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09/29/10 1:21 AM ET
Reds battling for extra October home games
Playoff scenarios include trips to Philly, San Diego, San Francisco
By Mark Sheldon / MLB.com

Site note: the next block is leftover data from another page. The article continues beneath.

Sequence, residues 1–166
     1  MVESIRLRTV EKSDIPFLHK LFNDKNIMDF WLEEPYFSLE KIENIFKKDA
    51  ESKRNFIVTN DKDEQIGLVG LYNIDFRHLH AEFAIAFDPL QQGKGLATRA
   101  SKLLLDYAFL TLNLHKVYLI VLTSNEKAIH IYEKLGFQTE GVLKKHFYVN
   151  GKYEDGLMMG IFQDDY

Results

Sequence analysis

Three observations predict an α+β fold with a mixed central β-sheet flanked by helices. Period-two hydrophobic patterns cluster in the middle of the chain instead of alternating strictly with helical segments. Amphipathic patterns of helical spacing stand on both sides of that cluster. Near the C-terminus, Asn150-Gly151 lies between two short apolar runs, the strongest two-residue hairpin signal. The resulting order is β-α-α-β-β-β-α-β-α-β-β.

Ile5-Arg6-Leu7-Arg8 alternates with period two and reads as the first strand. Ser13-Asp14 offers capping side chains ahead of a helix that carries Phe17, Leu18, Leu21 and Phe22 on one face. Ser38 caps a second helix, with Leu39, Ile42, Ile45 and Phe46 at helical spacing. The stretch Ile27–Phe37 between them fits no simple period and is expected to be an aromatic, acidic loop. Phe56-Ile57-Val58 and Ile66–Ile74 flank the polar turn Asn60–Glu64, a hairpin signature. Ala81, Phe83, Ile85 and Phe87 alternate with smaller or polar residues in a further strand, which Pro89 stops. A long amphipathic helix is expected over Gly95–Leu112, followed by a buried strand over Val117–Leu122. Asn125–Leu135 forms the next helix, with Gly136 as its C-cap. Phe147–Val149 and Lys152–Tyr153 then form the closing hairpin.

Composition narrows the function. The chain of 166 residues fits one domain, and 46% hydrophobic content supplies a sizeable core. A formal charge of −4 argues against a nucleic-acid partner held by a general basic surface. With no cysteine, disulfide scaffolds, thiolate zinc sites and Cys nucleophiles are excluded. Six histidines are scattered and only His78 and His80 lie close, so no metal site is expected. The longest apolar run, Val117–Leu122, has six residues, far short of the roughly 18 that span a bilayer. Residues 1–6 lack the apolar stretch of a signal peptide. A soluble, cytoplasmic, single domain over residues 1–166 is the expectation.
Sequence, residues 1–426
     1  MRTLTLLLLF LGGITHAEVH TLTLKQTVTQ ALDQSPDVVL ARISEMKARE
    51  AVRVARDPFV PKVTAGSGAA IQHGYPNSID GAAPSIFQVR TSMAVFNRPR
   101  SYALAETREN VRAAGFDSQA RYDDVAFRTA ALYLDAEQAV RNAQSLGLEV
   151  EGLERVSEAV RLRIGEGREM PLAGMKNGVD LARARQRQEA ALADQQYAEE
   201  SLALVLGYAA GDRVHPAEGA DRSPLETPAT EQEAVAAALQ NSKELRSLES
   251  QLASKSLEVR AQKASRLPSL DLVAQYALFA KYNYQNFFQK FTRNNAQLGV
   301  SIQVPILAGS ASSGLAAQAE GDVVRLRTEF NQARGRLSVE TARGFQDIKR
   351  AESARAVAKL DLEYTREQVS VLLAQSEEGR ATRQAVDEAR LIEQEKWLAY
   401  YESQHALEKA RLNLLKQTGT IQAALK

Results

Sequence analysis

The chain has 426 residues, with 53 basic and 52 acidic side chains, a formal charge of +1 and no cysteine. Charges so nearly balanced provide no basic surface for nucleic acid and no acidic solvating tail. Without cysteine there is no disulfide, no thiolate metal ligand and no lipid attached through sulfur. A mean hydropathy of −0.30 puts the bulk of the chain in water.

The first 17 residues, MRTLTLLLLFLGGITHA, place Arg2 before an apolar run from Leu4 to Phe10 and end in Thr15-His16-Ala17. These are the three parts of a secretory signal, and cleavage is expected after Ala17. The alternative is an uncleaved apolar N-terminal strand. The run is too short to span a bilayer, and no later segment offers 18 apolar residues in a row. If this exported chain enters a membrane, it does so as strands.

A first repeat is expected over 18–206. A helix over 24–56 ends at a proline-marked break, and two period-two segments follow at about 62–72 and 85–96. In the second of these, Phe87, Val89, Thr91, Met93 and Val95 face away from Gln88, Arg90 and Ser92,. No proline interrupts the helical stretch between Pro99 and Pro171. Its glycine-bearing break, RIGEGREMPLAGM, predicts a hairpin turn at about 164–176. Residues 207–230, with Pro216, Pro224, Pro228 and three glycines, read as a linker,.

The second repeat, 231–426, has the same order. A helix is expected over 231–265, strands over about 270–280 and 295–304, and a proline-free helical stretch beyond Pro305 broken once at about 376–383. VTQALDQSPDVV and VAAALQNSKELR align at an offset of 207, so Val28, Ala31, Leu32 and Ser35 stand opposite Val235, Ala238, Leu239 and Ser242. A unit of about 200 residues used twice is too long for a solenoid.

CINCINNATI -- Sure, the Reds have undisputed ownership of the National League Central after their magic number on the Cardinals reached the big zero. Does that mean Cincinnati's days of scoreboard watching and jockeying for position are over for the regular season? Not even for a nanosecond. "We have to win the most games we can," said pitcher Edinson Volquez. "We can finish with a better record. We want to start at home." With races in the NL West and the NL Wild Card still wide open, the 88-69 Reds are facing multiple Division Series scenarios -- where they have to travel either to Philadelphia, San Diego or San Francisco. Although the 94-64 Phillies have all but locked up the best record in the NL to secure home-field advantage, the Reds could still get the second-best record and have up to three home games in the NLDS, and face a Wild Card team like Atlanta, San Diego or San Francisco. If the season ended on Tuesday, they would meet the Phillies while the Giants would host the Wild Card-leading Braves. Manager Dusty Baker has already indicated he will try to toe the line of going for the best possible playoff seeding while trying to give key players rest over the final five games. "I think you want home-field advantage," said Reds starter Bronson Arroyo. "There are some matchups depending on who we're going to play that are better for us and not so good for us. Hopefully, we'll take a look at the standings, see how everybody is playing. We'll play as good as we can and try to win every ballgame. But at the end of the day, you hope you get to play at home to start the playoffs." Unfortunately for the Reds, they haven't fared too well against their potential foes -- they own a combined 9-16 record against them. On the road vs. those teams, it's 2-10. On the bright side, that means Cincinnati is 7-6 at home. The most unappetizing opponent at this point would be the Phillies, who boast the most formidable top of the rotation -- the "H2O" trifecta of Roy Halladay, Cole Hamels and Roy Oswalt. The Reds went into the All-Star break after being swept in four games at Citizens Bank Park. Three of those games were decided in extra innings, and the fourth was a 1-0 defeat. However, the Reds have also beaten Halladay once this season, on June 30, and defeated Oswalt -- usually a Reds killer -- twice while he was with the Astros. Either of the West Coast opponents offers a different headache in terms of history. Although the Reds were 7-8 out West this season, much improved from their recent track record, they are 20-40 in the Pacific time zone in the past five seasons, including 5-11 at San Diego and 8-9 at San Francisco. In two losses to the Giants on Aug. 23-24, the Reds gave up a combined 27 runs. The Reds were just at PETCO Park over the weekend and lost a pair of 4-3 games on Friday before taking a blowout 12-2 win on Sunday. The Reds took two of three in a home series from the Braves from July 30-Aug. 1. Both games at Atlanta in May were one-run losses. The latter was a spectacular six-run meltdown in the ninth inning where a walk-off grand slam by Brooks Conrad popped in and out of Laynce Nix's glove at the wall. Then again, could there be too much made of having home-field advantage in the playoffs? The last time a team with the NL's best record reached the World Series was the Cardinals in 2004. In 2006, St. Louis won the World Series despite having only 83 wins in the regular season. And on five occasions in the past decade, the best team in the NL didn't move past the first round. They were the 2008 Cubs, '03 Braves, '02 Braves, '01 Astros and '00 Giants. "We're just excited to be there," said center fielder Drew Stubbs. "We're going to take care of business no matter who it is."